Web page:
Calculating the value of business announced during airshows is an inexact science, but as the 2011 Dubai Air Show came to an end last week the combined sales tally for airliners, engines and support contracts looked set to have topped $50 billion. Boeing grabbed the lion’s share of this through a $26 billion deal with Emirates Airline covering 50 of its 777-300ER long-range twinjets and options for 20 more. The U.S. airframer also completed a $1.2 billion deal with Oman Air that will see it receive six of the new 787 Dreamliner, which made its Middle East debut at the Dubai show. Qatar Airways ordered a pair of 777 Freighters in a $560 million agreement. Within hours of the event’s closing it was surpassed when Indonesia’s Lion Air ordered 210 of the proposed 737MAXs and 29 737-900ERs in a deal worth $21.7 billion. The deal, concluded in Jakarta, also covered “purchase rights” for another 150 unspecified aircraft. Around the same time U.S. leasing group Aviation Capital Group (ACG) ordered 20 737-800s and made a commitment for 25 737MAXs.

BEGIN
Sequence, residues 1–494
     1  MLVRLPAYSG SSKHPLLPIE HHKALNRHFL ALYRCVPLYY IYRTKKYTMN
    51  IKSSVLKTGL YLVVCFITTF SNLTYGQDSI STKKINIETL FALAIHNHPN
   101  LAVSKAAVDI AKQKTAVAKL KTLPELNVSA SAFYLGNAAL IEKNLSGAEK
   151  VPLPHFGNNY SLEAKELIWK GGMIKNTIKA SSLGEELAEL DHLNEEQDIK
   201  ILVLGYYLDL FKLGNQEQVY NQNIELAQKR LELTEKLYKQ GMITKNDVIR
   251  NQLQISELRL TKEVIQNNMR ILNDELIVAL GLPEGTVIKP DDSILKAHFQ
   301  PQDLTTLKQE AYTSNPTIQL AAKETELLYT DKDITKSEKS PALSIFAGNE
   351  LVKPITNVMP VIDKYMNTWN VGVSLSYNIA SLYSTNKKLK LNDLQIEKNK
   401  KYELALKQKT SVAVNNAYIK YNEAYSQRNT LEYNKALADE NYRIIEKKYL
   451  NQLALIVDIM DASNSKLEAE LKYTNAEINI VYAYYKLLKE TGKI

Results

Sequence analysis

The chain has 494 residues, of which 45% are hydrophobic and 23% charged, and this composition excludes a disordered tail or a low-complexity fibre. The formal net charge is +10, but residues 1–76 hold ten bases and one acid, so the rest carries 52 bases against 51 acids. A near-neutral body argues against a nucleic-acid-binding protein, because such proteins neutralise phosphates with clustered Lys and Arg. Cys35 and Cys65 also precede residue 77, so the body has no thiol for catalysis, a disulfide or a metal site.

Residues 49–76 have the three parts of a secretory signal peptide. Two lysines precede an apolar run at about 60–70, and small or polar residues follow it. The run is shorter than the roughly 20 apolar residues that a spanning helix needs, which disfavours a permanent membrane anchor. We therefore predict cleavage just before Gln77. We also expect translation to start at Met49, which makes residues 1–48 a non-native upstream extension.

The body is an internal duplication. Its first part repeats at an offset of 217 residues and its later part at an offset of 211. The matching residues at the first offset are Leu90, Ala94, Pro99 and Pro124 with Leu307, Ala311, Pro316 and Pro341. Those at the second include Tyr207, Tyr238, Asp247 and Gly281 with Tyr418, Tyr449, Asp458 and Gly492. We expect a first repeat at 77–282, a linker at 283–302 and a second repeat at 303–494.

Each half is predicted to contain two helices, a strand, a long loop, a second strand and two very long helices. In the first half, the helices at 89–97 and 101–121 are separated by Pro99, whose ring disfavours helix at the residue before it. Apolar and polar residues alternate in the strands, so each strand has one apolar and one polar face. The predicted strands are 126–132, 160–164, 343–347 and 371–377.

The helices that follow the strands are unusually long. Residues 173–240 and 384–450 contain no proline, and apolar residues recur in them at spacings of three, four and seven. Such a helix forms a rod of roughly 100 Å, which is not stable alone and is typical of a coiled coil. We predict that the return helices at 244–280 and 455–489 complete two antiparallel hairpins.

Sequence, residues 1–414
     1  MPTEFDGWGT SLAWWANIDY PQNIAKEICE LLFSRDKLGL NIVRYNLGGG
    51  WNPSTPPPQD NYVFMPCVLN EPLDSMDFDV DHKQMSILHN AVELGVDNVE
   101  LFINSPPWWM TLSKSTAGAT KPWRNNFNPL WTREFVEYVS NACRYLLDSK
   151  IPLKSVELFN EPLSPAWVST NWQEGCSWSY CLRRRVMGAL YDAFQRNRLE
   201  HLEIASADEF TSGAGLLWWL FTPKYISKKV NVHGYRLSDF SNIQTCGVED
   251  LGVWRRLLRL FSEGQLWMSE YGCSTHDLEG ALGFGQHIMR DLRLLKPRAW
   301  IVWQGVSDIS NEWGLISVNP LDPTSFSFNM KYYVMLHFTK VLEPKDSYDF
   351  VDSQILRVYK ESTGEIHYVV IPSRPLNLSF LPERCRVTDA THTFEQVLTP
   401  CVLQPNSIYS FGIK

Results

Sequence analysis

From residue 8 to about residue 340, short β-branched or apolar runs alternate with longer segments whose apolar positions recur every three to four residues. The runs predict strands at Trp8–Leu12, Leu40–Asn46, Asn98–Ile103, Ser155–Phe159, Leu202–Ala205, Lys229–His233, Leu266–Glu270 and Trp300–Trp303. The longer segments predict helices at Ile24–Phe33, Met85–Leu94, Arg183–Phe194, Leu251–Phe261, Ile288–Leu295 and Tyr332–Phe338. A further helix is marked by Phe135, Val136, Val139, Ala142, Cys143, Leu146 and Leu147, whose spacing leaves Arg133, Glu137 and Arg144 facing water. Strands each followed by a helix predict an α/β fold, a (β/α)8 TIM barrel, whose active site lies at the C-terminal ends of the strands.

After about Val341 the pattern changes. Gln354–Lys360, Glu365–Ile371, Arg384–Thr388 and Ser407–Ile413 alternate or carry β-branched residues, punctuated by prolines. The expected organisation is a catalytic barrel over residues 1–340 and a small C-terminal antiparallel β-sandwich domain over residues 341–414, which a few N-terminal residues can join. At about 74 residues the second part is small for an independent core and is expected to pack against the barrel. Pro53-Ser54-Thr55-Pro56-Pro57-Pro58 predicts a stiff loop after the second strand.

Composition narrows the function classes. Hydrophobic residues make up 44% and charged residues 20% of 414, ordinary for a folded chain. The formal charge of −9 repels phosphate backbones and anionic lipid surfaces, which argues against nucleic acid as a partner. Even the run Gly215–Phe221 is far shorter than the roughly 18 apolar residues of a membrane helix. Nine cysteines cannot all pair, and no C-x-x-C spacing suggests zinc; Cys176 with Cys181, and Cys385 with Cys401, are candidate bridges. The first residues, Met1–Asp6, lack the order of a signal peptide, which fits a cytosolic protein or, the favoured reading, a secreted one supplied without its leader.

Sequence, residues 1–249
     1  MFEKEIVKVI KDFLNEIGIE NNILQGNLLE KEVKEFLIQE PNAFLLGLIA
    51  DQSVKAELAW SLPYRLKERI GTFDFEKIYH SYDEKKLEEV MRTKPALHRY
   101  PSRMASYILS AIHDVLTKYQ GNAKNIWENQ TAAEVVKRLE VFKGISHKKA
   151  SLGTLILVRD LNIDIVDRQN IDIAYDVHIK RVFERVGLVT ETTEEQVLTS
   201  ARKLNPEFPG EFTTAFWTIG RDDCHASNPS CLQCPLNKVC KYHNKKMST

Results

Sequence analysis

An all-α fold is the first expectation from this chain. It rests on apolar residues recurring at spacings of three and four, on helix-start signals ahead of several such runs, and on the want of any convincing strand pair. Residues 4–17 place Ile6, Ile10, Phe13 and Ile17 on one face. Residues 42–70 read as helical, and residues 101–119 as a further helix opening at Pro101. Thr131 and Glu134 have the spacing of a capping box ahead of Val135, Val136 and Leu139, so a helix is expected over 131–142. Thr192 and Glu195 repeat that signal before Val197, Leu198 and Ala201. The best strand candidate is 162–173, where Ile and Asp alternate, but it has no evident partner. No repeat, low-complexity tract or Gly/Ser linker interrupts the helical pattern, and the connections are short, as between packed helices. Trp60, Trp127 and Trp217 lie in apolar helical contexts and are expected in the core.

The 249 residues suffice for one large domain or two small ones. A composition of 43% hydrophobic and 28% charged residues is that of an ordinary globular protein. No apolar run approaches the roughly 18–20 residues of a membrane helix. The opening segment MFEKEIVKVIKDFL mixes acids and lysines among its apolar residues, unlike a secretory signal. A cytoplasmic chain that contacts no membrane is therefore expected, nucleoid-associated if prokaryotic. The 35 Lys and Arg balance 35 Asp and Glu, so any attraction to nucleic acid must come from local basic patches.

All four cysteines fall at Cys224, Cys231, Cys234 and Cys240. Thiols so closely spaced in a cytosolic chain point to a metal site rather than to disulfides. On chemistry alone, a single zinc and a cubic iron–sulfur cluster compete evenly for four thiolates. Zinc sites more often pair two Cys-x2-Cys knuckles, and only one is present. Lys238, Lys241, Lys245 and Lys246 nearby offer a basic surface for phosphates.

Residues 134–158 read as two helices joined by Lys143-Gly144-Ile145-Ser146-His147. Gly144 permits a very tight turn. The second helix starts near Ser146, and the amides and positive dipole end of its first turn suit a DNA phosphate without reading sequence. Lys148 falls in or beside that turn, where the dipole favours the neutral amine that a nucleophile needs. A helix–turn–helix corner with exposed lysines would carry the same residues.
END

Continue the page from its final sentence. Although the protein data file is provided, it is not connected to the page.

Airbus boosted its own balance sheet to the tune of some $15 billion in Dubai. Despite slamming the European airframer for its eve-of-show admission that deliveries of the new A350XWB could run up to 12 months late, Qatar Airways chief executive Akbar Al Baker signed a $4.6 billion deal for 50 of the new A320neo narrowbodies and an agreement worth up to $3 billion for five A380s plus options for three more. Alafco ordered 50 more A320neos at a list price of $4.6 billion and ACG ordered 30 more for approximately $2.7 billion.
Where there are airliner orders engine deals are sure to follow. CFM International was the clear winner in Dubai, with orders and associated support contracts worth approximately $6.7 billion. This business was dominated by an agreement with Republic Airways of the U.S. covering Leap-1A engines for 20 A319neos and 60 A320neos, and an 18-year support contract. Pratt & Whitney announced deals of undisclosed values to provide PW1100G-JM turbofans for 50 A320neos for Qatar Airways and 50 for Alafco. Rolls-Royce returned from Dubai with $1 billion in new business, including the provision of Trent 1000 engines for Oman Air’s new Boeing 787s, and Trent 700s for AviancaTaca and Saudi Arabian Airlines.